One on Sunday: Tom Buzzinett of Brighton came to the MHPVA winter meeting with the Baron low racer he bought in fall 2014.  Family obligations kept him away on Saturday, but he came to the rally Sunday, hoping to compete on the Baron. Despite the rain and no competition, he did get on the track, long enough to get wet and verify that canceling Sunday's events was a wise decision. Canceled were two road races and the tricycle race.

Peter Amminger and his son, Ishtey, work on Ishtey's Hypercycle. They came from Memphis, Tenn.  Peter bought the Hypercycle in the 1980s.  Ishtey, 12, finished fourth in the junior class. Hypercycles were entry-level recumbents in the early 1980s. Complete bikes sold in 1981 for $390 and frame kits for $180. (Car nuts: Notice the Jaguar F-Type in the background.)




Eric Winn of Brighton competed in the stock class on a Cruzbike Vendetta and in this Blue Velo Strada  in the streetliner class.  He said he bought the used Strada, made in 2010, last August in Whitehouse, Ohio, then pedaled it 85 miles home. He sometimes rides it 25 miles to work. He finished fifth of six entries in the streetliner class. His speed in the flying start sprint was 33.59 mph.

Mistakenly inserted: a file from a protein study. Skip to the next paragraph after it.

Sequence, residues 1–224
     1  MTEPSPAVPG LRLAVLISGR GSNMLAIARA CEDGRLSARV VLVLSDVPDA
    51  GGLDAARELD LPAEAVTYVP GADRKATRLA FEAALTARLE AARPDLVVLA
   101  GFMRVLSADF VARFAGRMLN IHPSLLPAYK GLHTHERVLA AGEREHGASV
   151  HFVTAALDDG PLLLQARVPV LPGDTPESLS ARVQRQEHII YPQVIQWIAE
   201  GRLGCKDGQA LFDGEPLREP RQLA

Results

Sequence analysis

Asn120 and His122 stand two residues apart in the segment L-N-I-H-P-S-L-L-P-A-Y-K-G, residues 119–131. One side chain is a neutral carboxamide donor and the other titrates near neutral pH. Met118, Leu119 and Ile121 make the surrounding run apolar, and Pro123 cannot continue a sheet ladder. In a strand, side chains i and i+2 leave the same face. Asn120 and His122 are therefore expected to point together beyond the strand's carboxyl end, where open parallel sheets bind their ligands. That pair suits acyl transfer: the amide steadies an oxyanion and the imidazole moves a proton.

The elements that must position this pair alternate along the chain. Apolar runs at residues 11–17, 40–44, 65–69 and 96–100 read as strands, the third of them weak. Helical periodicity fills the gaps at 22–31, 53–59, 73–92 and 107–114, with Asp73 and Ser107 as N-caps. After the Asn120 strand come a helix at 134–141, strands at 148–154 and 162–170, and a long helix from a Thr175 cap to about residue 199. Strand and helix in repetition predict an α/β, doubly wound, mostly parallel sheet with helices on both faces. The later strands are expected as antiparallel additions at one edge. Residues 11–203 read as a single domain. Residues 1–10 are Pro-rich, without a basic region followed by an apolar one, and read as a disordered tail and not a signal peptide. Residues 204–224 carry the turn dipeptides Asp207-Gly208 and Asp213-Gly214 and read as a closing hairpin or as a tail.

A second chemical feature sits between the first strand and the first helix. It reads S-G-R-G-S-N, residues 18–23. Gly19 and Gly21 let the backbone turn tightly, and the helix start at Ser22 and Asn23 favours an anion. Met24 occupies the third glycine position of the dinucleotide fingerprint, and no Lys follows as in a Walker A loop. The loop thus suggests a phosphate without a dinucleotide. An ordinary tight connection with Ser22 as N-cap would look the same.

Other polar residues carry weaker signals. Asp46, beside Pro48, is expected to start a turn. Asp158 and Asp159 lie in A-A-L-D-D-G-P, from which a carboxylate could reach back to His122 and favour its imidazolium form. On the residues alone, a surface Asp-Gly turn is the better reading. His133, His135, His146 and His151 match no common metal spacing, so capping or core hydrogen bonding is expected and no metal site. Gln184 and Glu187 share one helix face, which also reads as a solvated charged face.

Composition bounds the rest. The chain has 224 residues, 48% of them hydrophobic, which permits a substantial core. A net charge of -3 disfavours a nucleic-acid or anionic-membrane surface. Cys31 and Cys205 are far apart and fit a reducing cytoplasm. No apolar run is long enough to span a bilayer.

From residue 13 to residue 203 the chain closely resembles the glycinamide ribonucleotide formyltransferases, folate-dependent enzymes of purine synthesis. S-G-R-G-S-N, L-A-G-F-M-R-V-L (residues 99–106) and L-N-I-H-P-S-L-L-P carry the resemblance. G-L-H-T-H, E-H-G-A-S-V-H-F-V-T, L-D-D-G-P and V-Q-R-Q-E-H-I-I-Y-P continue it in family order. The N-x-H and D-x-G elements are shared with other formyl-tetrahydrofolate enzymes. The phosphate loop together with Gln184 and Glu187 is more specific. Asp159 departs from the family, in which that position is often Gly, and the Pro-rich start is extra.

1 comment:

Anonymous said...

My son an I rode our uprights to the velodrome to see recumbents. I am sorry to say I was appalled by the rude comments recumbent people made to my son when he asked someone if the low recumbents are safe on a street with traffic.

I will never understand the nasty attitude recumbent people have towards folks riding regular bicycles. After my experience last Sunday I guarantee I will never attend another recumbent event or will I encourage anyone in the Wheeling Wheelmen to ever ride a recumbent. Recumbent people are arrogant. I now understand why only a few spectators were in the stands at the recumbent race last Sunday.